Jesus now set his face for the last time towards Jerusalem. He had made several visits to it during his "ministry." He had journeyed up and down among the people for 3 1/2 years, teaching the words and doing the works of God with all kindness and patience and independence; but now he would do so no more. The end was in sight.
It was with a certain relief that he went forward to what awaited him. He had said on a previous occasion, "I have a baptism to be baptised with, and how am I straitened till it be acoomplished?" The prospect was now before him of its "accomplishment." He unbosomed himself on the subject to his disciples, but found a poor response. "Behold we go up to Jerusalem, and all things that are written by the prophets concerning the Son of Man shall be accomplished. For he shall be delivered unto the Gentiles, and shall be mocked and spitefully entreated and spitted on, and they shall scourge him and put him to death, and the third day he shall rise again." It might have been some comfort to Jesus had the disciples quite entered into his meaning, and manifested intelligent sympathy. Instead of that, "They understood none of these things, and this saying was hid from them, neither knew they the things that were spoken" (Luke xviii. 34). What a sense this circumstance conveys of the loneliness of the Son of Man in the day of his suffering.
Jesus approaches Jericho, on the Roman road that connects that place with the north, accompanied by a crowd of people who increase in number as he nears the town. Two blind men sitting by the wayside, hear the hum of the crowd and the sound of their feet on the road, and ask what is the meaning of it. Being told that Jesus of Nazareth is passing, one of them shouts at the top of his voice to arrest Christ's attention. He had doubtless heard of Jesus opening the eyes of the blind. "Jesus! thou Son of David! Have mercy on me!" The blind man had begun to shout thus as soon as the head of the procession began to pass, and a good while before Jesus came up. The people told him he must not make such a noise -- that it was rude to interrupt a great man passing, &c., that he must in fact hold his tongue. But the man was not to be silenced. An opportunity had come to him that might never come again. So he shouted "so much the more." He got his reward.
There is something in the maxim: "He that seeketh findeth;" but much depends on the quarter to which the seeking is directed. An ordinary traveller of eminence would have given no heed to the cry of a pauper: but this was no ordinary traveller. He came to show compassion and to teach it. When he came opposite where the blind men were sitting, he stopped on the road, and gave orders for them to be brought to him. The crowd, who had been ordering the shouter to "hold his peace," now changed their tone. They said: "Be of good cheer. Rise: he calleth you." And the men rose and were guided to the presence of Jesus. Jesus asked the simple but welcome question: "What wilt thou that I shall do unto thee?" Promptly came the natural answer: "Lord, that we may receive our sight." Swift and effectual the response: "Receive thy sight." Gracious and instructive the explanation: "Thy faith hath saved thee." Jesus actually gives the man part of the credit of the cure. We have before considered the scriptural connection between faith and healing. Faith will do nothing if the healing power is not present, but the action of the healing power is helped by the exercise of faith. The defect of modern so-called "faith-healing" lies in the absence of the divine power to heal, consequently the healing can go no higher than the recuperative resources of nature. The glory of the works done by Christ and his apostles in the first century, lay in the fact that God worked by them, and that therefore to faith, "all things were possible." -- The men, in full and instant possession of restored sight, gave loud glory to God, and fell into the ranks and followed the crowd which now resumed its course into Jericho.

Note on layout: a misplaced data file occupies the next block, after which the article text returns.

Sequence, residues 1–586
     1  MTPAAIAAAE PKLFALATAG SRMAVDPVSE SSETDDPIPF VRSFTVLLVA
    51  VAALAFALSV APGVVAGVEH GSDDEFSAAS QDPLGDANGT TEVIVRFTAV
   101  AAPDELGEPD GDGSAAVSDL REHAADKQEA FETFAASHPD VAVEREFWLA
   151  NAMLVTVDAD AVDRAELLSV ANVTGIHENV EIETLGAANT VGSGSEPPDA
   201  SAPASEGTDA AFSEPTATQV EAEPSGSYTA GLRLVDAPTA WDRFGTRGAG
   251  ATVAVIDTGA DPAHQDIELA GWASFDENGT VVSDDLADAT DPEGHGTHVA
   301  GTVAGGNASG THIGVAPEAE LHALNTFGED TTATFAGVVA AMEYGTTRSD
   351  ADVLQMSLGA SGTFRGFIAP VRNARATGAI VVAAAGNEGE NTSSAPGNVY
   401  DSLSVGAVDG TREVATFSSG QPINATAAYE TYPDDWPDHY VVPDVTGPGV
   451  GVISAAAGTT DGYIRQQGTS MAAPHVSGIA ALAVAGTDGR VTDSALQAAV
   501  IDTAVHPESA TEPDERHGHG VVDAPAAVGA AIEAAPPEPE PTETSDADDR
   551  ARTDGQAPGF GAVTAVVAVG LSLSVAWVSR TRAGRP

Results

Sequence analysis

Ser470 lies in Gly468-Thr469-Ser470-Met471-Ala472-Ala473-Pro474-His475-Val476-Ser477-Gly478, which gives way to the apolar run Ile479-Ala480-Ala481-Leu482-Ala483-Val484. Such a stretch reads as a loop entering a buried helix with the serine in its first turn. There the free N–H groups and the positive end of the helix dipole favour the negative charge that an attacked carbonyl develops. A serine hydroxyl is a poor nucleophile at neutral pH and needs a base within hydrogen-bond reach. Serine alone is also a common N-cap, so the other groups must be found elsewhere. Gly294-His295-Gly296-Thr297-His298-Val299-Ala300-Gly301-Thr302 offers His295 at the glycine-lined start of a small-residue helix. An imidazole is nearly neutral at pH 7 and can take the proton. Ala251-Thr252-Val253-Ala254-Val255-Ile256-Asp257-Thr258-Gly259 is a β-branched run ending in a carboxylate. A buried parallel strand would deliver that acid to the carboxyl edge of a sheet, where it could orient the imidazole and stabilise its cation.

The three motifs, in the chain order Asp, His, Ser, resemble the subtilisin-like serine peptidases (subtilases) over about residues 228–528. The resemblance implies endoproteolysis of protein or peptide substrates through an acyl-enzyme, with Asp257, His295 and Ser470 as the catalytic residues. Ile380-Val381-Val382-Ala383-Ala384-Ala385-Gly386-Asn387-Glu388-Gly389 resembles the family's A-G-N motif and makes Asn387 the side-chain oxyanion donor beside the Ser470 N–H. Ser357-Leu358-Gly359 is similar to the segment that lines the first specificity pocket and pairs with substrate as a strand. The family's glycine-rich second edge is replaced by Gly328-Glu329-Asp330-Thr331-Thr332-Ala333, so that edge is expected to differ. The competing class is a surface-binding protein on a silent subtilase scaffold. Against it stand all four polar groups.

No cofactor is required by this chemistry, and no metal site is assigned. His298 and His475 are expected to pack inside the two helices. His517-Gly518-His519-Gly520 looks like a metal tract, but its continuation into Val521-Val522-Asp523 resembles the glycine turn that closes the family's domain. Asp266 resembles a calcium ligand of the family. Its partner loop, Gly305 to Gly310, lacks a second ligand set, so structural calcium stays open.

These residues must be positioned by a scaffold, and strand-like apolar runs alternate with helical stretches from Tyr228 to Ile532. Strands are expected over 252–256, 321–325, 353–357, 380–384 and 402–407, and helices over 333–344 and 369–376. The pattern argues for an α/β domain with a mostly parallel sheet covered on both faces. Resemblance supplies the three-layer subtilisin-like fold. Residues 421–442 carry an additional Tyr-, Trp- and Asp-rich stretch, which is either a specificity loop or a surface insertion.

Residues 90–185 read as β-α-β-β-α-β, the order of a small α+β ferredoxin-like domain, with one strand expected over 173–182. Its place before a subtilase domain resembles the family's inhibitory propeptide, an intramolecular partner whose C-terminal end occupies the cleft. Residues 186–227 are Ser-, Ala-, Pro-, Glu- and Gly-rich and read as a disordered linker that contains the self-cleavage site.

Jesus passed through the place. A leading man there, wealthy but of poor repute, seeing the crowd, and hearing, like the blind man, that Jesus of Nazareth was passing by, made a special effort to get a look at Jesus. He was small of stature, and could not easily do so for the crowd. Observing the direction of the procession, and being nimble though diminutive, he ran ahead of the crowd, clambering up a tree that stood on the road side, and there waited the interesting moment when he should be able from his elevated position to get a deliberate and uninterrupted view of the most interesting human form ever seen upon the earth. He had not long to wait, and when the moment came, he got more than he expected. When Jesus reached the tree, he stopped, bringing the crowd to a stand with him. The little rich man with honest eyes (for he was an honest man) was intently peering at Christ, when Christ, looking up, fixed his eyes on the little rich man and said "Zaccheus, make haste and come down, for to-day I must abide at thy house." Zaccheus, thus unexpectedly summoned, after a moment's surprise, came down with alacrity, and standing deferentially before Christ expressed the gladness it would afford him to entertain him. He then led the way towards his house, and Christ followed, leaving the bulk of the crowd hanging on the road. The crowd did not relish the incident at all. The crowd are almost always murmurers. "They all murmured, saying, that he has gone to be guest with a man that is a sinner." The remark was perfectly unreasonable. All murmuring is unreasonable at the bottom. When you have reasoned with it and answered it, it remains. But it always takes the semblance of reason. In its vilest forms, it affects virtuous indignation.